The people of Palestine celebrate 15 November every year as their independence day.
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A Palestinian Declaration of Independence was written by poet Mahmoud Darwish and then declared by PLO leader Yasser Arafat on 15 November, 1988, which is why that particular date for Palestinian Independence Day was chosen. But, in reality, the PLO and others before there even was a PLO had been fighting for an independent state of Palestine for many years before Arafat’s declaration.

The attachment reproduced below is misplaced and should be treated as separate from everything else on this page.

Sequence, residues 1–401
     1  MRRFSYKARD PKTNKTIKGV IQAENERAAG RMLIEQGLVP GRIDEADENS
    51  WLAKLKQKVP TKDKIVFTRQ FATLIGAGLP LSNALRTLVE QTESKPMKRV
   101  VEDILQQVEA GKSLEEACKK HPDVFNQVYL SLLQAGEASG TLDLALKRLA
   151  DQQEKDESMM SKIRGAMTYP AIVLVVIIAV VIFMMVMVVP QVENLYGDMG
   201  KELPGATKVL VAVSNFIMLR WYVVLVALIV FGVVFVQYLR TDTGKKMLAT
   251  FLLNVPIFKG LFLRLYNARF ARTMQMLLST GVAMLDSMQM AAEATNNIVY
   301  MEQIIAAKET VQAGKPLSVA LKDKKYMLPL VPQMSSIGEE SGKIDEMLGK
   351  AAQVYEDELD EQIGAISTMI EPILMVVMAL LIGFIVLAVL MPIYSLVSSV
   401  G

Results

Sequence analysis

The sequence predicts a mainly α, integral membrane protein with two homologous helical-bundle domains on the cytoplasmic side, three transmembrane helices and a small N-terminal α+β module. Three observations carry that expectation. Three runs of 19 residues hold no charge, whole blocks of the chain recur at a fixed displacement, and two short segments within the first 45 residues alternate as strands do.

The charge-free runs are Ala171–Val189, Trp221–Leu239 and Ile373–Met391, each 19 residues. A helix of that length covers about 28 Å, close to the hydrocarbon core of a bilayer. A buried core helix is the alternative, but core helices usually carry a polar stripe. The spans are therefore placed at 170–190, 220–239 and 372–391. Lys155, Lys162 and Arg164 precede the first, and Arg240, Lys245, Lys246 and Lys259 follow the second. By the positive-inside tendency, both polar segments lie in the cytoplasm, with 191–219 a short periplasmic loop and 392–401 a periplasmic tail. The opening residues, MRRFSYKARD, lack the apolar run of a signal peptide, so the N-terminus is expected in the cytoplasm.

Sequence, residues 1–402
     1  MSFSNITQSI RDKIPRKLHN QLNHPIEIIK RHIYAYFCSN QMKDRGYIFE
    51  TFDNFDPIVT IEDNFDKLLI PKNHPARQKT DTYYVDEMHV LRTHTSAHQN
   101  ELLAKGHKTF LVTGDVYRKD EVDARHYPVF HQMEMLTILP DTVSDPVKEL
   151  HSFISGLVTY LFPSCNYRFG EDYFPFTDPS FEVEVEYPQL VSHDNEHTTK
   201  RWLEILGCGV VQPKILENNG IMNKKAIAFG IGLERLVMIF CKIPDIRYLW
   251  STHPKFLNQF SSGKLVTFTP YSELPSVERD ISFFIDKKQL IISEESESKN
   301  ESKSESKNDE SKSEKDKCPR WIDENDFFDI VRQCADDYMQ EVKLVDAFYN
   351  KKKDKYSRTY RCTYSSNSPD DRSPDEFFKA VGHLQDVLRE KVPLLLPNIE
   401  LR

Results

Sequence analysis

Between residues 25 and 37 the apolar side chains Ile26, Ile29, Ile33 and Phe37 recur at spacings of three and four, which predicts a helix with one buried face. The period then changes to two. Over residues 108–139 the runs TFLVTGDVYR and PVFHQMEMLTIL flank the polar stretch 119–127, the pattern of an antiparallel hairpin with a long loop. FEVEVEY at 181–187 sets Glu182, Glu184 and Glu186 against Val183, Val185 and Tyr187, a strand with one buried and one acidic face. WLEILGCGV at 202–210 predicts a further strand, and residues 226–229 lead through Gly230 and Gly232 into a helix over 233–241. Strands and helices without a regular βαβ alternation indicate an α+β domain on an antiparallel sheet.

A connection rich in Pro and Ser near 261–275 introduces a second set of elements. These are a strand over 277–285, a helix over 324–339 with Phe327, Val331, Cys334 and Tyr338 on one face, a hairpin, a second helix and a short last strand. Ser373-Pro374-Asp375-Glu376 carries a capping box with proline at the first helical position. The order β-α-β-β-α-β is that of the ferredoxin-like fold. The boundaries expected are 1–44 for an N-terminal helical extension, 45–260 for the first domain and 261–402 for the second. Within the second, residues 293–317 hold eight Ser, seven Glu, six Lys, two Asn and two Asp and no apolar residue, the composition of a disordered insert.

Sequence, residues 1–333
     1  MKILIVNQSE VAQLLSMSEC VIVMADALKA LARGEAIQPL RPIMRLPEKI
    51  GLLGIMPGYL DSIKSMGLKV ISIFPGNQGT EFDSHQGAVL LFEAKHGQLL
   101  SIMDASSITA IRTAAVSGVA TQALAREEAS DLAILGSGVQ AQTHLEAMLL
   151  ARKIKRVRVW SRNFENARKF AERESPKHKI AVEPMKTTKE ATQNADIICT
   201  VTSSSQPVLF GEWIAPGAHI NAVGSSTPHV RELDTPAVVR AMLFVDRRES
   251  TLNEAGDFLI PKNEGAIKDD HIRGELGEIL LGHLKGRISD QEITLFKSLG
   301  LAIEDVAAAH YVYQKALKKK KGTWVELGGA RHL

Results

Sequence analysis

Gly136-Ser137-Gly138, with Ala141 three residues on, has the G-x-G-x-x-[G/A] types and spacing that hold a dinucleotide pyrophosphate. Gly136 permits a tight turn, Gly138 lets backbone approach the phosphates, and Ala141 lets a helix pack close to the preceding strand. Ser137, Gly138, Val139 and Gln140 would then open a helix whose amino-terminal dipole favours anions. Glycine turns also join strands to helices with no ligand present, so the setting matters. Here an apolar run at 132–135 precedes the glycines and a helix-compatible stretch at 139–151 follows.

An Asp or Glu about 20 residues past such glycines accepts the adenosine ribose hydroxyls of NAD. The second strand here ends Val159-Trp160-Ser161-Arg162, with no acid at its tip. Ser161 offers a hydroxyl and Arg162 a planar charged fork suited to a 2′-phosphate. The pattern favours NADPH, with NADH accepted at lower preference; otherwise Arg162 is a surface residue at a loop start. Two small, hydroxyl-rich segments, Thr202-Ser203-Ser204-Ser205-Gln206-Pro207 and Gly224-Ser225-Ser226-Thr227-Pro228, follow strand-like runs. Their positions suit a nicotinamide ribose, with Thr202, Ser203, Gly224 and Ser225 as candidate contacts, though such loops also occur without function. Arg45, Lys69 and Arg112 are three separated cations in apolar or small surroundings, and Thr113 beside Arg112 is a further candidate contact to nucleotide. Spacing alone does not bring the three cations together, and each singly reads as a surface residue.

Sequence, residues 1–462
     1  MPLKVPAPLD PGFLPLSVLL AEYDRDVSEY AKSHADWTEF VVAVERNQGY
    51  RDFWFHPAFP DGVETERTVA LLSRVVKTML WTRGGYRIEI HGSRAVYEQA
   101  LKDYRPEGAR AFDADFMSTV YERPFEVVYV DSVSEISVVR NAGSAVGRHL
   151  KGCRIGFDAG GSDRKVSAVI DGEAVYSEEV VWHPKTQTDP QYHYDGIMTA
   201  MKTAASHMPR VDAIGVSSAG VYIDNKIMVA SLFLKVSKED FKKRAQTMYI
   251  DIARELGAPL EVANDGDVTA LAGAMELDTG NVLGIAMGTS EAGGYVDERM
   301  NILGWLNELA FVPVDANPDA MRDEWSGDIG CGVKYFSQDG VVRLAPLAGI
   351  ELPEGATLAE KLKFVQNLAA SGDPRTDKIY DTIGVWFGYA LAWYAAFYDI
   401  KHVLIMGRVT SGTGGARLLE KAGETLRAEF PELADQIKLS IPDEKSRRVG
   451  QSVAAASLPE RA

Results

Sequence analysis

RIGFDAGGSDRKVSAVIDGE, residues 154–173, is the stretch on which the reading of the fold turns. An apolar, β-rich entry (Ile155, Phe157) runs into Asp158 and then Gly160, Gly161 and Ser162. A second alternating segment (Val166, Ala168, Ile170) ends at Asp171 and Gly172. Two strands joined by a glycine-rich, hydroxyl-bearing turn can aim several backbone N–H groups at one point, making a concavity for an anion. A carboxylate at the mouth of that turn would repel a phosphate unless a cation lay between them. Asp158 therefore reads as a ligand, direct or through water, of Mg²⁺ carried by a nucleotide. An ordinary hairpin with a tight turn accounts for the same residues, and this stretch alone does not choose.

The West Bank and Gaza Strip have become a kind of “semi-autonomous region” within Israel in recent decades, but not truly independent. Nonetheless, over 135 countries have recognised Palestine as an independent state. This is, in part, due to the UN mandate of 1947 that was going to divide British Palestine into two new states: Israel and Palestine.
After the Arab-Israeli wars of 1948, 1967, and beyond, the UN’s original mandate became unenforceable. But Palestinians still recognise it, along with many other countries, and they celebrate their independence day with festivities every 15 November.